One of the lowest priced cooking oils in Zimbabwean supermarkets in the past few weeks is Pure Drop. It is of good quality and is cheaper than the popular South African brands that have flooded the market for years now. And it is manufactured in Chitungwiza by Surface Industries.
On the other hand we have Olivine, which is producing probably one of the most expensive cooking oils on the market. The company is reportedly seeking US$32 million to retool its plant. That is a lot of money. For comparison, it was reported that the Zimplants mining plant cost US$200 million. This is a huge project and Olivine needs a sixth of that for upgrading its relatively small plant!
On my recent article on lean strategy, a Harare Business Club member on LinkedIn, Innocent Machabe, commented that most Zimbabwean entrepreneurs are failing to grow because they do not have different approaches to business. They continue to follow the traditional methods instead of thinking of new ones. In other words there is not much innovation in this country. Look at how many businesses are selling exactly the same things at the same prices, be they clothing, shoes, DVDs etc. Very few people are doing things differently.
Innovation is defined as the introduction of something new. It could be a new idea, method or device. Innovation is the application of better solutions that meet new requirements, unarticulated needs, or existing market needs. This is accomplished through more effective products, services, technologies, or ideas.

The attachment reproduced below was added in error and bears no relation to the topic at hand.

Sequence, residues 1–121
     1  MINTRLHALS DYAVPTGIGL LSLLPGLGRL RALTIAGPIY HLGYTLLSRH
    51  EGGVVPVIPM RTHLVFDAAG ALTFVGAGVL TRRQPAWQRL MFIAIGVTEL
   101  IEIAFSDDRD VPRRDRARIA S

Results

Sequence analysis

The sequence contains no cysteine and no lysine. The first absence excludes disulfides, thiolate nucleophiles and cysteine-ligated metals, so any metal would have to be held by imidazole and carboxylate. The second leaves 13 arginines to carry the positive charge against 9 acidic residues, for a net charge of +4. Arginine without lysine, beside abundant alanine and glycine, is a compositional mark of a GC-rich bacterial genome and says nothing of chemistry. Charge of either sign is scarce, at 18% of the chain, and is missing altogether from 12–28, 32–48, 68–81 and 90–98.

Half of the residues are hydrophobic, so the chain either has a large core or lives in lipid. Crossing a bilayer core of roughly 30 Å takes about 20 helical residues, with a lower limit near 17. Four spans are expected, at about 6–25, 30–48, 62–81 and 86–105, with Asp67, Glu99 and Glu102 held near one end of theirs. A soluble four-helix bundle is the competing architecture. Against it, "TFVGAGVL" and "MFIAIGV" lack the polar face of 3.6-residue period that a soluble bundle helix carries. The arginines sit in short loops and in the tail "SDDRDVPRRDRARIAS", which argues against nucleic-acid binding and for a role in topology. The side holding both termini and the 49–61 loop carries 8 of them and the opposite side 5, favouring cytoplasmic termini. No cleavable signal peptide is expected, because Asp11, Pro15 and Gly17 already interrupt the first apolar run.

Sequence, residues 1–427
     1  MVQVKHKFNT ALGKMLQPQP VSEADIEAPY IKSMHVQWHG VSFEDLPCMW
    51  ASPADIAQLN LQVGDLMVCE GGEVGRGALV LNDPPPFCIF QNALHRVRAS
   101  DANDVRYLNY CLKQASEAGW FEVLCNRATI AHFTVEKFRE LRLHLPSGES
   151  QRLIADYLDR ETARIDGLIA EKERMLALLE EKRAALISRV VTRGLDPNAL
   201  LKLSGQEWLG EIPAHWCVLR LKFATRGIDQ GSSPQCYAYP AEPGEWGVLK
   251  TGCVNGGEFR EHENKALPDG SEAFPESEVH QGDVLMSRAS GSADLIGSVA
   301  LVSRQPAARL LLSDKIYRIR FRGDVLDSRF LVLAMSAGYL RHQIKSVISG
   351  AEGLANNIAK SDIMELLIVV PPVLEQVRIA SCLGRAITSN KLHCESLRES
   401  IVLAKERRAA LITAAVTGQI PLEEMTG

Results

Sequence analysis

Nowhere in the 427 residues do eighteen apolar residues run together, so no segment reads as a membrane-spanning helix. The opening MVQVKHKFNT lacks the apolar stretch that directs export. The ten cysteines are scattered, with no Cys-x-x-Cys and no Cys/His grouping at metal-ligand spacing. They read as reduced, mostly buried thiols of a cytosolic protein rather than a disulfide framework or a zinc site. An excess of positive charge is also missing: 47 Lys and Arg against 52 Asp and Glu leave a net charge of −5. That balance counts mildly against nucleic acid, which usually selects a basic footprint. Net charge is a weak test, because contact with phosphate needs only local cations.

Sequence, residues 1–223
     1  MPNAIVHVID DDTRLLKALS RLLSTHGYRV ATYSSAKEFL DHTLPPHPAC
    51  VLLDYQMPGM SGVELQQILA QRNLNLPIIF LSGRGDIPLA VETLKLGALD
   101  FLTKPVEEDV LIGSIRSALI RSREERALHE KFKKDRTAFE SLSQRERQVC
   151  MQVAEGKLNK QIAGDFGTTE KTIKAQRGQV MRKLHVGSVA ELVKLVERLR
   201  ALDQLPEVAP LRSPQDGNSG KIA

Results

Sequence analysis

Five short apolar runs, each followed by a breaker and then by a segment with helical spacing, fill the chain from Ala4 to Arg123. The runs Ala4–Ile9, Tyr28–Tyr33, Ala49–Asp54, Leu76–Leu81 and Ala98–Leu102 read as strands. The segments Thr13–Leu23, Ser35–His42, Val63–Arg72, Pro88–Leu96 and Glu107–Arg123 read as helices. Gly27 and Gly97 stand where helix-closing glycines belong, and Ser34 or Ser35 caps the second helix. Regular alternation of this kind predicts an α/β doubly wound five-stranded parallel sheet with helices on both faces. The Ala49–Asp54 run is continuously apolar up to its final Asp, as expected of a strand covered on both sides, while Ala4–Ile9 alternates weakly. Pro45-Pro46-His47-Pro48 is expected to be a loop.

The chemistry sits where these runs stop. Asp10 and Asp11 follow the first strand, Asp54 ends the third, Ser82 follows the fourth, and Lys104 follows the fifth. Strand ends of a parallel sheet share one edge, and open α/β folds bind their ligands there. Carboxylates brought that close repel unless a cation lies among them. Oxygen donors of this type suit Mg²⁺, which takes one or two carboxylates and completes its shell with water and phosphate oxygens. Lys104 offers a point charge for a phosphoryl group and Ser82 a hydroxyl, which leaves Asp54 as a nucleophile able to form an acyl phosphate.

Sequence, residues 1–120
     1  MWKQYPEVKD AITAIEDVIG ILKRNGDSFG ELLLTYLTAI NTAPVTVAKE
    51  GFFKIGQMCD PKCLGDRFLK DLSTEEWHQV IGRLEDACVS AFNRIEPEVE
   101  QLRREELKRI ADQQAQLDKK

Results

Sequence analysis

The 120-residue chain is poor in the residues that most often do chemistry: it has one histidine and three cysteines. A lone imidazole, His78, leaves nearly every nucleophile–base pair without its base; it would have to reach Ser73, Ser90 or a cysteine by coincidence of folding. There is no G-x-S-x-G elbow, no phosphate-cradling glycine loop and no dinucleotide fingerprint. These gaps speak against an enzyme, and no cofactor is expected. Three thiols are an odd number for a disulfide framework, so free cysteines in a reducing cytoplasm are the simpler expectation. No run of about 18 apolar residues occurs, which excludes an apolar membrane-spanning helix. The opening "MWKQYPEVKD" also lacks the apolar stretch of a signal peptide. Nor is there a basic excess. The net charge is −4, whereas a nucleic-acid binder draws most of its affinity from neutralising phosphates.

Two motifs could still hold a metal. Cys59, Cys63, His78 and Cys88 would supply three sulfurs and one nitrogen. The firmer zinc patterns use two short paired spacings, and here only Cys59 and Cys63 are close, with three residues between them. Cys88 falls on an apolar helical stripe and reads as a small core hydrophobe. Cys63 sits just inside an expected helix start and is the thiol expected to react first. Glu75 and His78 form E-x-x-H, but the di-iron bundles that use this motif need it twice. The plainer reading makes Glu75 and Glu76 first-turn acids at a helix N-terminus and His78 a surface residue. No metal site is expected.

Old models should be allowed to die. No-one really cares if you started in 1931 if your product is not competitive in the modern market. Fast failure enables new ideas to come faster.
One way to innovate: Push to learn in the market. The epigraph in Steve Blank’s latest book (with Bob Dorf), The Startup Owner’s Manual, says it all: “Get out of the building!” Large companies are used to relying on desk research and consultants to size markets and sharpen strategy, but the search for tomorrow’s business has to be conducted in or close to the market. Remember, markets that don’t yet exist are notoriously difficult to measure and analyze, so the team should spend as much time as possible with prospective customers, partners, and suppliers. Even richer lessons come when a team goes beyond talking, to actually attempting to produce, sell, and support its offering, even if it is that offering has some limitations.
As a small business owner, you need to learn to continuously innovate in order to grow in a competitive market.
Do you think as Zimbabwean entrepreneurs we are innovating enough? Let me know your thoughts.
Phillip Chichoni is the founder of Admiral Business Systems, a firm which provides business development consultancy and training. He is the author of books that include Business Planning Simplified and High Impact Low Cost Marketing Strategies for SMEsand publisherof BusinessLink Magazine. You can contact him for all your business plans, company and PBC registration, marketing advice, tax consultancy and accounting, his email is firstname.lastname@example.org or visit http://smebusinesslink.com.
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NB1: Zimra is charging US$30 per day as penalty if you have not submitted your ITF16 by the deadline of 30 January, 2014. Follow this link for more details, http://smebusinesslink.com/2014/03/03/penalty-late-submission-of-tax-returns-statutory-instrument-97-of-2013/
NB2: We are holding the following business workshops in March: Step by Step Guide to Starting a Business in Zimbabwe -12 March, Writing an Effective Business Plan-13 March &Marketing and Selling Strategy for Solid Results- 14 March. For detailed information, please visit http://smebusinesslink.com/2014/03/03/6738/
NB3: Business guide books available, go to http://smebusinesslink.com/businesslink-resources/